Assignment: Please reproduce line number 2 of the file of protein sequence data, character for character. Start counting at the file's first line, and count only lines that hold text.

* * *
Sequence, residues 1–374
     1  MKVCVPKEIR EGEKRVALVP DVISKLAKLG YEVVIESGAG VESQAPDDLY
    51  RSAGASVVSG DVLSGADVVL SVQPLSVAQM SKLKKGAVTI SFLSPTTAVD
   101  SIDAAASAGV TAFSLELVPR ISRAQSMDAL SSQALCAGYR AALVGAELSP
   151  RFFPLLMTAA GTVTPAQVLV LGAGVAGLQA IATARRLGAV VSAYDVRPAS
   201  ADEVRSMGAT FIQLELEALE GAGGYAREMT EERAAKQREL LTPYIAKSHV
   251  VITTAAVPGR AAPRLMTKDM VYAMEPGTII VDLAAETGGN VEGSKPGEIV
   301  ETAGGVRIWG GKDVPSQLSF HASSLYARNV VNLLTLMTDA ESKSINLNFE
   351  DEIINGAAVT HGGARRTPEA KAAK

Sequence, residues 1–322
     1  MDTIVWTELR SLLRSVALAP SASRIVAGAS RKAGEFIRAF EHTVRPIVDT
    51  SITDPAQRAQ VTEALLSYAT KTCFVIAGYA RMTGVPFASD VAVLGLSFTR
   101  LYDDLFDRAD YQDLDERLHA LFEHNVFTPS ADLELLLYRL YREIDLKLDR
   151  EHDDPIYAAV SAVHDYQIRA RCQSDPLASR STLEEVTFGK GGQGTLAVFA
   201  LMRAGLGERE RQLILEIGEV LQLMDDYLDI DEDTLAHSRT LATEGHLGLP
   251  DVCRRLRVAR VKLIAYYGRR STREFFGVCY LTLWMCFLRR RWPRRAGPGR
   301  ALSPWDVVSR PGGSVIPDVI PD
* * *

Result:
     1  MKVCVPKEIR EGEKRVALVP DVISKLAKLG YEVVIESGAG VESQAPDDLY